In Jessika’s Mastodon feed, there were several crossposts from traewelling.de. traewelling is a German website for recording all of your movements using public transport (trains, buses, trams, subways).
In Jessika’s case, the students quickly realized the privacy implications of a public feed of all of Jessika’s movements. You can guess her place of work, you can guess the area where she lives, you can predict her daily activities, etc. This data is also precious for the average burglar since everybody can see that Jessika isn’t at home:
Jessika’s professional profile on XING
Another link from mastodon.social pointed to XING, a social network for work-related activities (similar to LinkedIn). There, the students found Jessika’s full name (Jessika Vogel) and the current and previous employers:
Then, the students looked at her courses of studies:
Finally, they found Jessika’s hobbies, interests, and date of birth:
Putting everything together
After the students collected public information about Jessika, we put everything together:
Jessika Vogel is 28 years old. She lives in Regensburg. Last weekend, she traveled back from Innsbruck via Munich. She wasn’t alone on the train. She has a cat (Xarina), and she loves animals as well as hiking.
Jessika works as an IT project manager for two years. Previously, she did an internship in IT project management. She holds Master of Science and Bachelor of Science degrees in business informatics (University of Regensburg). She speaks German, English, and a little Portuguese and French. Today, she commuted to work using bus number 31, shortly after 7 am. She misses her two-week long vacation in Austria.
Some students used this information to access Jessika’s mailbox on GMX. Accessing her account was possible because she used a very weak and easy-to-guess password (“Xarina1992”). Of course, accessing somebody’s mailbox exposes another load of helpful information:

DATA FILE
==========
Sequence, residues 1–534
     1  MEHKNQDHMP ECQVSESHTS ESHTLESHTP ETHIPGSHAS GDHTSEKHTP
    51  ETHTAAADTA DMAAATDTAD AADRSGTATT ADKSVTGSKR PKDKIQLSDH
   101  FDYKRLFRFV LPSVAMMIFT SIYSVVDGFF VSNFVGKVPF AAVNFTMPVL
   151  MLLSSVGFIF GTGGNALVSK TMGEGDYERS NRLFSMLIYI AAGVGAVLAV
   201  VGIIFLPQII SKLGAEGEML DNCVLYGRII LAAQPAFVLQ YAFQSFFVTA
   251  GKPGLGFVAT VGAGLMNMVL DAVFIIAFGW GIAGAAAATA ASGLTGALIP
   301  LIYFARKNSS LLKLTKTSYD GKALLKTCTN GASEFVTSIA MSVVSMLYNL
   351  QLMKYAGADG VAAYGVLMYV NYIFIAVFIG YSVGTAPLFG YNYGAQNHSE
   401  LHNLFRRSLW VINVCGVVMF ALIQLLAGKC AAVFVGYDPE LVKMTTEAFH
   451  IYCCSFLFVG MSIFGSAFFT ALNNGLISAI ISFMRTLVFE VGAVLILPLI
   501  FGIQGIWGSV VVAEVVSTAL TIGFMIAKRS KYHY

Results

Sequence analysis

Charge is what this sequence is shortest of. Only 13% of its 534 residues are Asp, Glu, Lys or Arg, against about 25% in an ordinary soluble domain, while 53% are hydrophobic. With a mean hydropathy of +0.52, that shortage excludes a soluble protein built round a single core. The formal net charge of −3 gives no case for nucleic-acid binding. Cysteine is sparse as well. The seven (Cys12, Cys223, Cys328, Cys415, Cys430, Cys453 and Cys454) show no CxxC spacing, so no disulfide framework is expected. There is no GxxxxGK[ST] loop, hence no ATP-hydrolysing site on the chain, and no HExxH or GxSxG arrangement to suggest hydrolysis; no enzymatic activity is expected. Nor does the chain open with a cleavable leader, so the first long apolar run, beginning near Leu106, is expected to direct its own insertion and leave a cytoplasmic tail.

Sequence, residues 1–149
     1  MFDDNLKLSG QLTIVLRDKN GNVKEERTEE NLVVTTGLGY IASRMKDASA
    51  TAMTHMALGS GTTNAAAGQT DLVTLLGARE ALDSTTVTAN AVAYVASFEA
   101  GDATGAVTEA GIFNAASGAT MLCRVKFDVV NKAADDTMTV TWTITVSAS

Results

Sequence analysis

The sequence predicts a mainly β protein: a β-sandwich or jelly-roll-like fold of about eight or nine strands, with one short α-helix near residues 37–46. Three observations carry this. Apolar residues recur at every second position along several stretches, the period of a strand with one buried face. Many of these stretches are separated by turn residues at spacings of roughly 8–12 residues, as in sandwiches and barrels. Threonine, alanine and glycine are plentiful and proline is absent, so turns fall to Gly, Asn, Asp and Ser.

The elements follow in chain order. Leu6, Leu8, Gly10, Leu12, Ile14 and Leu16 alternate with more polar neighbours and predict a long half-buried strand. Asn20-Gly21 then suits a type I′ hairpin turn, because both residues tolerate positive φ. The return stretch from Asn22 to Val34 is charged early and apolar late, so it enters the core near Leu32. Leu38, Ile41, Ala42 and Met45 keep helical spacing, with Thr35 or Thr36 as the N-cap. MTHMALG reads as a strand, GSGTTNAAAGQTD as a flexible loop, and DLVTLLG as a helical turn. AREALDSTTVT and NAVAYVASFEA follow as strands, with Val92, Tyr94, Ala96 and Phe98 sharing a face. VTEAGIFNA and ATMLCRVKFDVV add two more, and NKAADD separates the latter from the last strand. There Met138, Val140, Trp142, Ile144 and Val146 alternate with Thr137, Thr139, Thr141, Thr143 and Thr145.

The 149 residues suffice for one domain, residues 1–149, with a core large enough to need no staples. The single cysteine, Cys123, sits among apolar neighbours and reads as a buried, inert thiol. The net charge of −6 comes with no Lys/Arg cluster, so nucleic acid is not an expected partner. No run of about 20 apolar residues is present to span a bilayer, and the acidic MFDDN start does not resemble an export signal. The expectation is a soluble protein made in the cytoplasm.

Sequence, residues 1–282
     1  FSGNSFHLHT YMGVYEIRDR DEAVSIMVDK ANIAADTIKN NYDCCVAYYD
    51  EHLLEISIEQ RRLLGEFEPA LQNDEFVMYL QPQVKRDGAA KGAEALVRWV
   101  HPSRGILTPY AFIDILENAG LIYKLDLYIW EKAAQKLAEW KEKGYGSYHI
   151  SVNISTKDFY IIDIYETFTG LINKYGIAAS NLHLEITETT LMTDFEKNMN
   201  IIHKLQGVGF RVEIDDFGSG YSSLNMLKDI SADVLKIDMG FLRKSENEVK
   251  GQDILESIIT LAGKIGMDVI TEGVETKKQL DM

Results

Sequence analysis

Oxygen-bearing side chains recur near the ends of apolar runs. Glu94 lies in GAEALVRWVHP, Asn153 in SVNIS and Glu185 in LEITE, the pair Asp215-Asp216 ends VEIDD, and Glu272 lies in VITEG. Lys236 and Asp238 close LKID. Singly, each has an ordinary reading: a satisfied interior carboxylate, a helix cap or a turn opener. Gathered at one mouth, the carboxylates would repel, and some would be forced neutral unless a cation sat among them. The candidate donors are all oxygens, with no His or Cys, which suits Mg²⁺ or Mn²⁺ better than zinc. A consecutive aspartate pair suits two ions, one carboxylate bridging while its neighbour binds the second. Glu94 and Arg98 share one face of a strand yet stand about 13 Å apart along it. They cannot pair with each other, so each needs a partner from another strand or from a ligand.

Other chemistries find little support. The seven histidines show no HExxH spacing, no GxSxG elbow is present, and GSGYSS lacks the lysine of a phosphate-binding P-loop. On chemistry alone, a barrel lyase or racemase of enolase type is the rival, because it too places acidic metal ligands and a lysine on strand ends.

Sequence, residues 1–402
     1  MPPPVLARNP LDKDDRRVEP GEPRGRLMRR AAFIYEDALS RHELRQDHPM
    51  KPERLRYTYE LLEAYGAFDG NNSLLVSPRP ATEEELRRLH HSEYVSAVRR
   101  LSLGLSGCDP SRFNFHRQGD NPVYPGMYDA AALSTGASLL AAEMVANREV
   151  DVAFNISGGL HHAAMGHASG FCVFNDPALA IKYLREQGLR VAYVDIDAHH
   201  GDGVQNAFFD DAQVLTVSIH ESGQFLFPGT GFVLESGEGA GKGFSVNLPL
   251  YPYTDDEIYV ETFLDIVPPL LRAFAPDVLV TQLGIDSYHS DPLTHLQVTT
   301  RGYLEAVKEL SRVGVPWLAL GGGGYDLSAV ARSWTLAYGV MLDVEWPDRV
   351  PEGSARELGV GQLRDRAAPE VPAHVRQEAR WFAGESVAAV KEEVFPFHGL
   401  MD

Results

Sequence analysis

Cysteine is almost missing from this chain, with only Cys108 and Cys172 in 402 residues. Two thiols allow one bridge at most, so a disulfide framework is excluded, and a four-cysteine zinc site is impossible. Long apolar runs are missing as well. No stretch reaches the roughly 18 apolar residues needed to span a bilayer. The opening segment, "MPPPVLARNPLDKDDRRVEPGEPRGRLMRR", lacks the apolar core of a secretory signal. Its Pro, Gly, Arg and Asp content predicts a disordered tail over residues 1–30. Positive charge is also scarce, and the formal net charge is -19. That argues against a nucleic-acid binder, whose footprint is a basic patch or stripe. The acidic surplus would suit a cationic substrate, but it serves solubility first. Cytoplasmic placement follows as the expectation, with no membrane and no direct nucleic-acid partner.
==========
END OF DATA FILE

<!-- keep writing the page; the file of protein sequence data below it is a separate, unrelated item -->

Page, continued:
This exercise was only the first step of a likely successful social engineering attack. Attackers can use this information to connect with Jessika, exploiting her interests and characteristics, or they can collect more details about Jessika’s family, friends, colleagues, and other important people in Jessika’s life. It is also easy to impersonate Jessika due to the full access to her mailbox.
Jessika doesn’t exist. We crafted her identity and accounts so that the Master students could conduct social engineering. However, real-world attacks show that many of such social media profiles expose information about people. Attackers can use this information to exploit you and other people around you. For instance, look for “Robin Sage,” a fictional American cyber threat analyst, on the internet.
Keep the following in mind:
- Just migrating from social network A to social network B doesn’t protect your data. Be aware that publicly posted information is public and automated tools can find it quickly.
- Online archives may keep your publicly posted information on the internet forever. So think twice before posting anything.
- Even single pieces of useless information can become valuable when combined with other pieces of information.
- Using the same username for many different accounts makes it easier for social engineers to find you.
Addressing the human factor is vital for information security. IIn terms of Jessika’s story, remember that every public activity on the internet can be misused for social engineering attacks. Social networks, which claim that they value your privacy, won’t protect your publicly posted information. Frequently check your social media profiles, delete unused accounts, and use strong credentials for authentication.
Some photos used for “Jessika’s” awareness campaign are from unsplash.com (CC0 license).